• I think you’re probably right, Don. The film does tend to obscure the fraud that occurred.

      What I find really ironic is the investment banks who created the bubble ended up with major losses rather than profits. In that sense, their behavior was irrational, in that it led to bankruptcy. They didn’t know at the time that the government would bail them out – the government didn’t bail Lehman Brothers out.


      • The bankers got stung but then a young first-term senator with zero life accomplishments was elected in 2008 with huge financial support from …..the people who then expected a return on their investment, and got it. Trillions. And now comes the revisionism — it was the people’s fault. I don’t buy it.


    • I believe the international banking system deliberately caused the Great Depression by shrinking the money supply – allowing them to increase their wealth through land foreclosures. Carroll Quigley asserts in Tragedy and Hope that all the major panics and depressions of the 1900s were caused by the banking establishment manipulating the money supply. Which was why the populists and progressives were so militant about ending the ability of private banks to create money in the early 1900s.

      Liked by 1 person

    • Remember he who controls the money ultimately controls all. So much for democracy. No way the bankers will ever give up this power. The average Joe does not really care as long as they have some money.


      • Thanks for commenting, Andy. Unlike the average Joe, the average Jill does care. I point to the inspirational work of Moms Across America building a large and successful grassroots movement against GMOs. When I left the US in 2002, the vast majority of Americans were totally unaware there were GMOs in most of the foods they ate. Thirteen years later 93% of Americans support mandatory labeling of GMO foods.

        Just leave it to us angry mothers and grandmothers. We’ll sort the assholes out.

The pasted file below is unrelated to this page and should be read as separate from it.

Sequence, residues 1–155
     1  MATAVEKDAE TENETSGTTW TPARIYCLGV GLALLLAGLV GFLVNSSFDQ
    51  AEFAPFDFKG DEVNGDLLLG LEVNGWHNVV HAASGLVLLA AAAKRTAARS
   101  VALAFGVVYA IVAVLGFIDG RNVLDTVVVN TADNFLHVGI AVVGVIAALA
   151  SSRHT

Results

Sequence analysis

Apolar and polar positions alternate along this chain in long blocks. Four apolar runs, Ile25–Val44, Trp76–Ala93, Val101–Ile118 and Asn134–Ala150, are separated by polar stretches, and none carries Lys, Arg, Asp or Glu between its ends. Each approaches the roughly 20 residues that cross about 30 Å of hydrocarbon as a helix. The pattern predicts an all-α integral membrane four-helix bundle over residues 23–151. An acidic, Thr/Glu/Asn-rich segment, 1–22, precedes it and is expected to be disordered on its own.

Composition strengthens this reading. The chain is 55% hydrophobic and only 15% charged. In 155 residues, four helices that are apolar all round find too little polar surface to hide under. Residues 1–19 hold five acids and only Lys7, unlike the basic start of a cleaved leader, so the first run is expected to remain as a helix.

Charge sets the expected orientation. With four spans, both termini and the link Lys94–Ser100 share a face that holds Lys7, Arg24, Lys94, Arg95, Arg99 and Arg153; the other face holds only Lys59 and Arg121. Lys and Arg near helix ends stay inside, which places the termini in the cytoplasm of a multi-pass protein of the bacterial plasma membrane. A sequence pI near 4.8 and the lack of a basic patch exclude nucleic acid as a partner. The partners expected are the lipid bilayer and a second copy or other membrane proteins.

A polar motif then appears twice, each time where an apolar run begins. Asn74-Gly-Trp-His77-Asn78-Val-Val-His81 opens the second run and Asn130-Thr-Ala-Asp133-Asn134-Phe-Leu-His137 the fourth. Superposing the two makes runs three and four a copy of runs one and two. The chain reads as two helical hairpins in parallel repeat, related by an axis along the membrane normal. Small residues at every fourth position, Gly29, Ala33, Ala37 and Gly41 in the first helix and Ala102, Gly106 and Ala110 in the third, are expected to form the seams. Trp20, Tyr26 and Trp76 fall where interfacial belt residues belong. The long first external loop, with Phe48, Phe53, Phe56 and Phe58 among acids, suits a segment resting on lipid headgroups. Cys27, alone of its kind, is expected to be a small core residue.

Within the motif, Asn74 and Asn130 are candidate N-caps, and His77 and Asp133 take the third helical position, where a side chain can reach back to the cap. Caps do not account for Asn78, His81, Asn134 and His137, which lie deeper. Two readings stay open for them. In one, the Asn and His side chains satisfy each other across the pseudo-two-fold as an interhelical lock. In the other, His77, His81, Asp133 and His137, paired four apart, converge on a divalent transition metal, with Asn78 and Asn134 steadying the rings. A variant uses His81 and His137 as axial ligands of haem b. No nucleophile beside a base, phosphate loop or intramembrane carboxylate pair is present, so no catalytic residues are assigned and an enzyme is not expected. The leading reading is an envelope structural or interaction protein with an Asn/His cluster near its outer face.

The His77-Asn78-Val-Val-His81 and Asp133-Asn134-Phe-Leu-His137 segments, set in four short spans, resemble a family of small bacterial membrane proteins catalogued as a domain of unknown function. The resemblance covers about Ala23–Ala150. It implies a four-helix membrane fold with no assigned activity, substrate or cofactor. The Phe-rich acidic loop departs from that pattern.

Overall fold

• Again, I reject the notion that citizens bear any fault for the actions of corrupt national leaders and institutions. Personally I don’t know of any ordinary people of moderate income whom I would call “greedy.” Do you?


    • Interesting link, Gerry. I tend to agree with Don that blaming homeowner greed for the 2008 collapse is blaming the victim, especially the subprime borrowers who suffered the biggest losses. Renting accommodation is the biggest rip-off there is. If you look at the numbers, most people reduce their housing costs by 25% or more by buying a home.

      The banks aggressively pursued subprime borrowers and promised them they had no risk of defaulting because house values would continue to increase indefinitely. The subprime borrowers had no reason not to believe them because all the Wall Street economists were saying the same thing. It makes sense that low income borrowers saw it as an opportunity to increase the money they could spend on kids’ clothing, health and dental care, etc. People really struggle at this income level, and I think its a little unfair to categorize their motivations as greed.


      • My comment was meant for people who bought a house for $ 500,000 IN 2000 in 2005 refinanced it for $750,000 and took $250,000 as cash then tuned around in 2007 and refinanced it for $1,000.000 and took the $250.000 in cash and in 2008 when value of there house fell simply stopped paying there mortgage Not a few people did this but thousands.


    • Thanks, Jerry. I’ve long been admire of Black’s work. With his prior experience prosecuting bankers whose fraudulent behavior caused the collapse of the savings and loan industry, he brings an important perspective to the issue.


  2. Pingback: Behavioral Economics, Film and Review (52:55) | Tales from Genie and Lou